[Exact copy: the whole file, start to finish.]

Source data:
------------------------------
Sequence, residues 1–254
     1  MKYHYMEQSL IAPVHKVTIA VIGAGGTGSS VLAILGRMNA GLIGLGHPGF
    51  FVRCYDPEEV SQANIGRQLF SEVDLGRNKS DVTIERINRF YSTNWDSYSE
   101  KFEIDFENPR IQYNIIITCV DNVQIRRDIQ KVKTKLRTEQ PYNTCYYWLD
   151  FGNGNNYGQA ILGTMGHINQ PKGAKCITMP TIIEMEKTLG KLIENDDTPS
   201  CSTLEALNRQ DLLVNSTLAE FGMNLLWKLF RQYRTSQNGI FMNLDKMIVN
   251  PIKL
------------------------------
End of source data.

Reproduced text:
Sequence, residues 1–254
     1  MKYHYMEQSL IAPVHKVTIA VIGAGGTGSS VLAILGRMNA GLIGLGHPGF
    51  FVRCYDPEEV SQANIGRQLF SEVDLGRNKS DVTIERINRF YSTNWDSYSE
   101  KFEIDFENPR IQYNIIITCV DNVQIRRDIQ KVKTKLRTEQ PYNTCYYWLD
   151  FGNGNNYGQA ILGTMGHINQ PKGAKCITMP TIIEMEKTLG KLIENDDTPS
   201  CSTLEALNRQ DLLVNSTLAE FGMNLLWKLF RQYRTSQNGI FMNLDKMIVN
   251  PIKL